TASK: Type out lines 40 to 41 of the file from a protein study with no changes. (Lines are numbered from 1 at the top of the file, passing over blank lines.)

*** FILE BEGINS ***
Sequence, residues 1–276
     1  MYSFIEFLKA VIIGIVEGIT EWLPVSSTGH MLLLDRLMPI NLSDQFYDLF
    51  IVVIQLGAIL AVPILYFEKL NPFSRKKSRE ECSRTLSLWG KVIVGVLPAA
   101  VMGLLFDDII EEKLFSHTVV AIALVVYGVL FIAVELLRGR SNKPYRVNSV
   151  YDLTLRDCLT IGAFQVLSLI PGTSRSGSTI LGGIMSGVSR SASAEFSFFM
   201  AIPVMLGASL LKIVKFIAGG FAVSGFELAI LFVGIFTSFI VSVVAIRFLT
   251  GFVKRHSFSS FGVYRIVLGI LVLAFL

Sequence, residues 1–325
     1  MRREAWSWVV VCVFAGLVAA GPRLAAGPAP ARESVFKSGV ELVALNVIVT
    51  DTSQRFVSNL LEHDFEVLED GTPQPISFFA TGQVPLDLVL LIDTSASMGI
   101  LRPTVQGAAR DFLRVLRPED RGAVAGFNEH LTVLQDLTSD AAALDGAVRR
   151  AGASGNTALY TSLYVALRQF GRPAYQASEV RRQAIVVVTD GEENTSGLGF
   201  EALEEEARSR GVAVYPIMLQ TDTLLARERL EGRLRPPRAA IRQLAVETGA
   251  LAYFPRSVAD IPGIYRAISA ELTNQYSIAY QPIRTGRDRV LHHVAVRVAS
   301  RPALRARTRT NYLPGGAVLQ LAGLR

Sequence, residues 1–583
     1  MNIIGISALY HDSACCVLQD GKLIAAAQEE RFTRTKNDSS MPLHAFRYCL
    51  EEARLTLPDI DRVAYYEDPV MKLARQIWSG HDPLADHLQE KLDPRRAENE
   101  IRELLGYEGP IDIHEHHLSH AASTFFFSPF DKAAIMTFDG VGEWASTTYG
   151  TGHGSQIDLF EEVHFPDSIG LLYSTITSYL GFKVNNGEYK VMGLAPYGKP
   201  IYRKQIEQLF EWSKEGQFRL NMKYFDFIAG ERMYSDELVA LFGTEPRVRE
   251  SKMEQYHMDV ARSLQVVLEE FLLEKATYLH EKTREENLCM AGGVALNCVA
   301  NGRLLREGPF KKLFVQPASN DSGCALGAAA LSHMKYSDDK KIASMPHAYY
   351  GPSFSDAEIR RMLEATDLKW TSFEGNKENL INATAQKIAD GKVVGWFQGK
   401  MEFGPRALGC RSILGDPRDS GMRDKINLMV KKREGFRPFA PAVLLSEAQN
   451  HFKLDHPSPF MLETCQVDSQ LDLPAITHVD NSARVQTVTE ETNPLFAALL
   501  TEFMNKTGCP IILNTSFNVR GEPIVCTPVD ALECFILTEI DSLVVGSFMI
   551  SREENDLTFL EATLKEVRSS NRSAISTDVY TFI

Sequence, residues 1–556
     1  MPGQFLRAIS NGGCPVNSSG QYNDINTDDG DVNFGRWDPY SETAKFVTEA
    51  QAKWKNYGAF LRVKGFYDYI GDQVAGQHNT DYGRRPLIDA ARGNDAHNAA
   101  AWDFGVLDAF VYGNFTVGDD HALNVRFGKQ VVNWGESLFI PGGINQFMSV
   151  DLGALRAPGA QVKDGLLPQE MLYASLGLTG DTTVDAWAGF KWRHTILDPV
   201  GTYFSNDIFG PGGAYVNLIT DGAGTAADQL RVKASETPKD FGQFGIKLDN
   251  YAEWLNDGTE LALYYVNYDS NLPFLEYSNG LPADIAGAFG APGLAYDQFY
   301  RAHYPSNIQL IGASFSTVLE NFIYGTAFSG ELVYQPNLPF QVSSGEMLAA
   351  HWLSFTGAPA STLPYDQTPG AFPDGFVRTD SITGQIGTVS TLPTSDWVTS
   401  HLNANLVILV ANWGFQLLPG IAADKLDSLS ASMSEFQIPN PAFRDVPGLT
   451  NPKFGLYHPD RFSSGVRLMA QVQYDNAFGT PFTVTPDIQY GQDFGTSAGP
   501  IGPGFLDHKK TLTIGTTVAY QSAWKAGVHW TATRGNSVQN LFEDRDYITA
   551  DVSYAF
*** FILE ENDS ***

   501  IGPGFLDHKK TLTIGTTVAY QSAWKAGVHW TATRGNSVQN LFEDRDYITA
   551  DVSYAF